Sunday, January 16, 2011

Strong Opinions about Brahms

Yuja Wang seems to have been much on my mind lately.  I suppose it all started when one of the “enthusiasts” who had felt so strongly (in a negative way) about the piece I wrote about Soyeon Lee’s Naumburg recital decided to cite Janos Gereben’s review for San Francisco Classical Voice as a stick to beat on my head.  I rather enjoyed reading this piece (without having to sort out points of agreement and disagreement);  but I found myself taking issue with the number of times Wang’s name appeared.  There is, of course, no escaping the fact that we listen to every pianist in the context of past listening experiences of other pianists (not to mention the broader collective of all performing and recording musicians).  (This is not the first time I have cited Abraham Lincoln’s observation that we cannot escape history to make a point about music.)  On the other hand I have to confess that my only familiarity with the solo piano version of Maurice Ravel’s “La Valse” came from Wang’s Transformation CD, having missed her performance at her recital debut with San Francisco Performances in February of 2008.

My review of that CD, however, led down a more interesting (and far less contentious) path.  The central offering on that CD (as well as the longest in duration) came from the set of 28 variations that Johannes Brahms had composed on the final caprice of Niccolò Paganini's 24 Caprices.  The reason why my language in that previous sentence was elliptical was because Wang did not record all of those variations;  and the liner notes by Michael Church claimed that the order of these variations “has always been a matter of debate,” a debate going all the way back to Clara Schumann.  For my part I decided to cite a more recent source:

On the other hand Kelly Dean Hansen, who has been developing an extensive Web site of Brahms Listening Guides with meticulous and stimulating analyses sees a well-defined overall structural architecture in the version that Brahms published (Opus 35), beginning with the relationship between the two books and descending into the structure of each variation.  Whom do you want to believe?

My citation was rewarded with a comment from Hansen, which declared flat out that “there really is no justification for Wang's butchery of the Paganini Variations” and then concluded:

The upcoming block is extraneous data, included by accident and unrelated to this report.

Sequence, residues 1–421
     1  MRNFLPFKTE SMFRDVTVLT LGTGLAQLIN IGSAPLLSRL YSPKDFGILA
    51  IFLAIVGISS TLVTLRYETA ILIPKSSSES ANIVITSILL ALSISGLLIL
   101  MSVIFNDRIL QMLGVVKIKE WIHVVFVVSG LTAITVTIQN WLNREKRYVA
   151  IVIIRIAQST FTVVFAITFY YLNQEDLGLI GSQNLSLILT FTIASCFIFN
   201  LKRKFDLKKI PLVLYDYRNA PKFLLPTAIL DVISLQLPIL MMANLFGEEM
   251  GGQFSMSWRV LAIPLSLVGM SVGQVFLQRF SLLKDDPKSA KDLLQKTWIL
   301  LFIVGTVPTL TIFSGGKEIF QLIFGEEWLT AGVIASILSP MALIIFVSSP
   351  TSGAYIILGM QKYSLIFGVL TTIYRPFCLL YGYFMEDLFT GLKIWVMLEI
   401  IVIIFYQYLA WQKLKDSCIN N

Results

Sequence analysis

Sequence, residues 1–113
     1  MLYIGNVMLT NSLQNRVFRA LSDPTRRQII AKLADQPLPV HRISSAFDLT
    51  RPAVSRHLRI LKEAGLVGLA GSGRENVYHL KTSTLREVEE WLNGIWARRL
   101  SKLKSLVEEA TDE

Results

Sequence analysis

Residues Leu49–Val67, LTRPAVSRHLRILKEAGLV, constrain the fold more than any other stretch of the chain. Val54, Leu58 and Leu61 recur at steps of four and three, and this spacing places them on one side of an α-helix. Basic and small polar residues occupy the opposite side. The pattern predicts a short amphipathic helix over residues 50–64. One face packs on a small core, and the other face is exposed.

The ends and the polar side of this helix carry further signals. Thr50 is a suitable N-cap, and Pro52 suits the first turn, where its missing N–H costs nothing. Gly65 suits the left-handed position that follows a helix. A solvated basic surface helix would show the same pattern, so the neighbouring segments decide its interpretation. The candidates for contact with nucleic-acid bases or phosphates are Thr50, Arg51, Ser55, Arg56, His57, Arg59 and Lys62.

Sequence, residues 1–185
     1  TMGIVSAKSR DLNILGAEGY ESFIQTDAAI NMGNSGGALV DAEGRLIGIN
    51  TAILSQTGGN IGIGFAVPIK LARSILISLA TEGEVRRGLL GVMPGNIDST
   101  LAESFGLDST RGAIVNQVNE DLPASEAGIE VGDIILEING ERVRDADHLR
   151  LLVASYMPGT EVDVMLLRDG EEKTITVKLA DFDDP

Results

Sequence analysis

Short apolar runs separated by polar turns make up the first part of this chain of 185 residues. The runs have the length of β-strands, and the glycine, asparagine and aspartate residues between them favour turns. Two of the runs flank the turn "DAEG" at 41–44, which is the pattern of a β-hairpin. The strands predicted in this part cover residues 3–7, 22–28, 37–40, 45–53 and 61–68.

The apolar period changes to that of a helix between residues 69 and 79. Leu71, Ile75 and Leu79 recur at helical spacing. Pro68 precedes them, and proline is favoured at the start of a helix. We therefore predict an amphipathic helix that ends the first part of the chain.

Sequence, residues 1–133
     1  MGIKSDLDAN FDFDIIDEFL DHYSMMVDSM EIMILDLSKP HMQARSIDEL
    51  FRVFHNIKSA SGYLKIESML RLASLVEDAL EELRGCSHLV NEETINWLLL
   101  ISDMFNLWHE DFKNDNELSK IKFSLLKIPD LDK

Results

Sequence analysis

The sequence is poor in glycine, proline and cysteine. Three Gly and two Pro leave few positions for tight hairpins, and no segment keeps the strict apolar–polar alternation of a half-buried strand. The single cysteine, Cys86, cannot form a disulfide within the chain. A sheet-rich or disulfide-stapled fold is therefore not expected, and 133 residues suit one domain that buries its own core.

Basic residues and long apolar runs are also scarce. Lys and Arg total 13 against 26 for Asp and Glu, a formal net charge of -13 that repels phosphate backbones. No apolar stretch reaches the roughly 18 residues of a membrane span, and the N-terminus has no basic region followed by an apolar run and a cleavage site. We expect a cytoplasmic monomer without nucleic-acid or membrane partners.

Performers like Wang need to stop acting as if they know more than the composer.

What interested me is that, once we clear away the invective, this still comes down to whom you wish to respect as your source.  Hansen’s accusation that Wang was drawing upon her own judgment is a bit off the mark, since she was apparently following an approach that Arturo Benedetti Michelangeli (a pianist who was never afraid of controversy) had taken and had been documented in an old Melodram recording of a recital he had given in Warsaw in 1955.  My own conclusion was that she was entitled to cast her lot with Michelangeli, probably knowing full well that there would be those like Hansen who would attack her for doing so.

In the context of my own travails, the lesson seems to be that the very nature of music is going to engender a diversity of listening experiences, most of which are likely to entail strong opinions strongly held (in my favorite distortion of the words of futurist Paul Saffo).  If either the diversity or the strength of those opinions is lacking, that tends to be a sign that the listening experience did not merit much attention in the first place.  It goes back to my precept that one should write on the basis of what, in “Plato’s Pharmacy,” Jacques Derrida calls “living memory” (as opposed to memories “entombed” in artifacts such as written texts).  If one then becomes embroiled in differences of opinion, one can at least fall back on the conviction that one’s position is an honest reflection of one’s “personal knowledge.”  This does not protect one from sound arguments for refutation;  but it means that any such refutation will, itself, become part of that “personal knowledge,” rather than simply an excuse for picking a fight.